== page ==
• The ability to ‘see’ numbers of objects without counting them, so called ‘subitizing’
  • The ability to ‘feel’ a representation of the numbers up to 10 in your hands
  • Coordinating seeing the number of objects with showing it with your fingers
  • The ability to add two numbers with sums up to 10
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The Monster Math Squad is an English tv-show. Episod's are roughly 13 minutes long and during a 'quest' children aged 2 to 5 can learn about diffrent subjects such as weight (diffrence between heavy and light), size ( small, medium, large), sorting etc.

Most episodes are also available on youtube or other channels.

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    $\begingroup$ I believe the question was about video games and other games not videos. $\endgroup$ – Amy B May 24 '16 at 14:20
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Suggest Monkey Math School Sunshine available in the Google Play. Although it is recommended for ages 5 and up, I believe your child would be ready for it. I think your child would enjoy it and could grow with it, According to the review on Common Sense Media:

Parents need to know that Monkey Math School Sunshine is an early math education game where kids do a series of math problems, covering topics such as shapes, number recognition, counting, patterns, addition, subtraction, comparisons, writing numbers, and recognizing sets. When kids have trouble, the game guides them with gentle hints. The questions are of varying difficulty. Some of the questions are presented in a straightforward manner, while others are more like games. After kids answer enough questions, they can choose a prize for their aquarium. The aquarium starts out empty, and kids get to fill it with fish, plants, and decorations. Kids can revisit their aquarium at any time. The aquarium can be reset to allow another child to have a go. Seeing their aquarium filled with the prizes they chose helps to encourage kids to solve more problems.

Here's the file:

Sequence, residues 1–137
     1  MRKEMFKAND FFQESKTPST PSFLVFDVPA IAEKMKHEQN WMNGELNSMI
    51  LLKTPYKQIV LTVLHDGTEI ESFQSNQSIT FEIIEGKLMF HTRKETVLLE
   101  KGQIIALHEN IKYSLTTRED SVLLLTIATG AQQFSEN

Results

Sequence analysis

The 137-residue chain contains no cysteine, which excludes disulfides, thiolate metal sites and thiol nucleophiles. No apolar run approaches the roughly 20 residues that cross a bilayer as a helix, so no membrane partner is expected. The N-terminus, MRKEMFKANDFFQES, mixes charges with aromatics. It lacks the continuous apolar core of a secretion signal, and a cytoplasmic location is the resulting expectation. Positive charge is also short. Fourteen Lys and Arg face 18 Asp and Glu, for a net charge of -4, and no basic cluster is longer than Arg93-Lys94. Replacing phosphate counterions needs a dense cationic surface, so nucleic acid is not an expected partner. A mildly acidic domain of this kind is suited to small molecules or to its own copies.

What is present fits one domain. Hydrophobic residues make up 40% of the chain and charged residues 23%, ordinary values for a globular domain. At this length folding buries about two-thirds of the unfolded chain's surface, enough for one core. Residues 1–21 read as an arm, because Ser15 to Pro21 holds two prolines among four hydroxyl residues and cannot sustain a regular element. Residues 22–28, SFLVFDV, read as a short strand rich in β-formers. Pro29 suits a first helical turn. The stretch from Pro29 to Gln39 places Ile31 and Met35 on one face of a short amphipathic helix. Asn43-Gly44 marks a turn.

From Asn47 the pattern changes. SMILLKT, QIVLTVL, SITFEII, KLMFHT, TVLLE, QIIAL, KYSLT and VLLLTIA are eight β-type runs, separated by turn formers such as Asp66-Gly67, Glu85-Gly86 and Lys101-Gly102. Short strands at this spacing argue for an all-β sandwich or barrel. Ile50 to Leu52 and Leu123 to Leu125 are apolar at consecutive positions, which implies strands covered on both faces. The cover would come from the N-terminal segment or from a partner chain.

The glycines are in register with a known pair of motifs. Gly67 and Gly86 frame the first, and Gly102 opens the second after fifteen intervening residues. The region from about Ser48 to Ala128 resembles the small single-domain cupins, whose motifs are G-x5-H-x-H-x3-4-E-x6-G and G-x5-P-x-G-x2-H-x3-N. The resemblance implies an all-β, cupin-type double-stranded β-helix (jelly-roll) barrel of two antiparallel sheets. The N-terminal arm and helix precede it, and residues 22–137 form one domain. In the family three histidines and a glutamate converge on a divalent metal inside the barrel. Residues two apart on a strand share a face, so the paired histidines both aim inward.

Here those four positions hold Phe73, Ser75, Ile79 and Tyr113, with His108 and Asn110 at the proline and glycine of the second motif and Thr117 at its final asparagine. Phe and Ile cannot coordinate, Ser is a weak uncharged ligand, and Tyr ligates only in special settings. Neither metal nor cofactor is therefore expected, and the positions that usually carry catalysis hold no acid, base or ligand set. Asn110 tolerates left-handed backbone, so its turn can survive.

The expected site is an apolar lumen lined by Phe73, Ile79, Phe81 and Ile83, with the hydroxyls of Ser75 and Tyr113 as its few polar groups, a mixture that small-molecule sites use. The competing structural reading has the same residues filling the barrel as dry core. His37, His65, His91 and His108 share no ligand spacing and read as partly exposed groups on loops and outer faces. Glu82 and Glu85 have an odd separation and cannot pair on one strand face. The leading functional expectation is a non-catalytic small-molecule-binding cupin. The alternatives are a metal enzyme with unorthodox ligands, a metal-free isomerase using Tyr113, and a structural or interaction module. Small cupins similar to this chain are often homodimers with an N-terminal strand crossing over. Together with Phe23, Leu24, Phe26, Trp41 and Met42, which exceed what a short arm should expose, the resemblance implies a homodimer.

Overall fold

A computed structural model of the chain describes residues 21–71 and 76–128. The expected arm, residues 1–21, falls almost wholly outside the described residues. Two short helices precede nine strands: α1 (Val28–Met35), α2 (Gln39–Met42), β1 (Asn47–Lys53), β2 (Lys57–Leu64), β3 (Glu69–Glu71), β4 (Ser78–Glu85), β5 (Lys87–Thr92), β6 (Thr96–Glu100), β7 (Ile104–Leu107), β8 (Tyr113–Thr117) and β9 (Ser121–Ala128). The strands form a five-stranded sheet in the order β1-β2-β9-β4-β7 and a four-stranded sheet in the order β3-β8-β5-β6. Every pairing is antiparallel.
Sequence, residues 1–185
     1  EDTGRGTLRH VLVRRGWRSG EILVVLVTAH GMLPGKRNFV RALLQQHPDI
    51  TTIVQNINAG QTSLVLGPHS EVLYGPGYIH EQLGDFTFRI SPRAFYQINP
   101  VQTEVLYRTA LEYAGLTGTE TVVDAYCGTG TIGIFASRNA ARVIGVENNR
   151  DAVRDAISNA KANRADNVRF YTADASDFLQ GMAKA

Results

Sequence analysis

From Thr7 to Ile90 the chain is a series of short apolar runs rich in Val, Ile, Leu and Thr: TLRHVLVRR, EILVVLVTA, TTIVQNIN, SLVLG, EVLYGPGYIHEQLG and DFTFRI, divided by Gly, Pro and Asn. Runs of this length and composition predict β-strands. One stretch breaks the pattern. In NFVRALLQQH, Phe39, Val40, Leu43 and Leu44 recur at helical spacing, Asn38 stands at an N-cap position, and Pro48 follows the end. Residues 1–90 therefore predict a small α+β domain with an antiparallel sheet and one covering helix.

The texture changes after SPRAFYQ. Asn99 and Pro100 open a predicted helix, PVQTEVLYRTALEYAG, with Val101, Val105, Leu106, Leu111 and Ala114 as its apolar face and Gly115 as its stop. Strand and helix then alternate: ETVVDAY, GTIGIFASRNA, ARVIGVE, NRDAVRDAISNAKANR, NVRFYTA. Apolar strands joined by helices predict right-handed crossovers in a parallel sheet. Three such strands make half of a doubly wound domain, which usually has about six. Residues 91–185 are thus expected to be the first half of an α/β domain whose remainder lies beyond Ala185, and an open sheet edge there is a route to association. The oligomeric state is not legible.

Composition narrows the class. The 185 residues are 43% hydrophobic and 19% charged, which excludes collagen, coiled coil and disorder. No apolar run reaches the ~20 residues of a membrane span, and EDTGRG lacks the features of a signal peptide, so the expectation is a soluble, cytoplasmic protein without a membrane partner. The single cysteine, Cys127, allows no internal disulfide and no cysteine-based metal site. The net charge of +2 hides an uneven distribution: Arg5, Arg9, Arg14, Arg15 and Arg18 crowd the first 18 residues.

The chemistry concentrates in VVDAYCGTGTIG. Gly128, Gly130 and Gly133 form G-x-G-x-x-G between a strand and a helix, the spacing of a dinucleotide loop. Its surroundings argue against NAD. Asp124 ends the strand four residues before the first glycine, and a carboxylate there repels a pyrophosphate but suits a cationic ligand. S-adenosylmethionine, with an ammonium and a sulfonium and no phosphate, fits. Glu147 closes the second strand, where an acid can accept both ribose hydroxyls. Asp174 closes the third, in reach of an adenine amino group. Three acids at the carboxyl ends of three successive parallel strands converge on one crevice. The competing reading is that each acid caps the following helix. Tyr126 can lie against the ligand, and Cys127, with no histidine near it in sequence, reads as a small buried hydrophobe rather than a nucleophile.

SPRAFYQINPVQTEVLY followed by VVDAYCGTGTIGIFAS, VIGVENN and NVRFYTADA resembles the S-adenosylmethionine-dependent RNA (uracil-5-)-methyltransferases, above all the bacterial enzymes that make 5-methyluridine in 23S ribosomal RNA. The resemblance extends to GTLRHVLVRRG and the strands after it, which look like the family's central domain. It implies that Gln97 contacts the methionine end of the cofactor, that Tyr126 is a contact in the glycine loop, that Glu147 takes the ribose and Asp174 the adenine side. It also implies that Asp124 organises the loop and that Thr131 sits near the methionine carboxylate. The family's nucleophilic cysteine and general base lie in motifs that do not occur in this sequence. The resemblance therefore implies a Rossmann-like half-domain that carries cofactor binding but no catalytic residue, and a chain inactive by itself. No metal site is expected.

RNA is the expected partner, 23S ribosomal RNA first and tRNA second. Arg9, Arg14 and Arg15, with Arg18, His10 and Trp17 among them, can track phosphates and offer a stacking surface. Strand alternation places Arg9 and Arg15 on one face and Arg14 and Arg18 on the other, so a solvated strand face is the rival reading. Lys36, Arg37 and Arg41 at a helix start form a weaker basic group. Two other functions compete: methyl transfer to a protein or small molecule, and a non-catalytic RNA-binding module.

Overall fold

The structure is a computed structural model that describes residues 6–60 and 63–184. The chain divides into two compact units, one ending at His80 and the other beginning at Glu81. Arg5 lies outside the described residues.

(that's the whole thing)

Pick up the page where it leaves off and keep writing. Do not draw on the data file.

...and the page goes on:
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When I was a kid, (around 4 years old), I was playing super nintendo games, because my dad was playing these too. You easily find out that mario has 3 lives, and that once it gets to zero, it's game over. You find coins, and once you have 100 coins, you win one more life.